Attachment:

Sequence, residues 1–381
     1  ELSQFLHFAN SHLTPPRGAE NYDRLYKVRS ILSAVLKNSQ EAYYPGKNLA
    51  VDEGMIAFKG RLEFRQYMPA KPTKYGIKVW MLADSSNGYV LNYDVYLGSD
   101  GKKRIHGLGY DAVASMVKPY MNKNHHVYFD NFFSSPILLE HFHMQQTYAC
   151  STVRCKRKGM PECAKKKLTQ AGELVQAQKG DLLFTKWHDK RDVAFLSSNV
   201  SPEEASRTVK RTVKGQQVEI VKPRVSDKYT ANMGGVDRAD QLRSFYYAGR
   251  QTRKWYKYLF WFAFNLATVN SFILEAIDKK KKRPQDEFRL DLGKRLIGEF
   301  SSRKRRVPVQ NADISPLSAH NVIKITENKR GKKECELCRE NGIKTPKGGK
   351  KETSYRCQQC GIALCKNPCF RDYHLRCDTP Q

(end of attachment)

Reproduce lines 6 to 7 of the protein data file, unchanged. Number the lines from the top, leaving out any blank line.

   201  SPEEASRTVK RTVKGQQVEI VKPRVSDKYT ANMGGVDRAD QLRSFYYAGR
   251  QTRKWYKYLF WFAFNLATVN SFILEAIDKK KKRPQDEFRL DLGKRLIGEF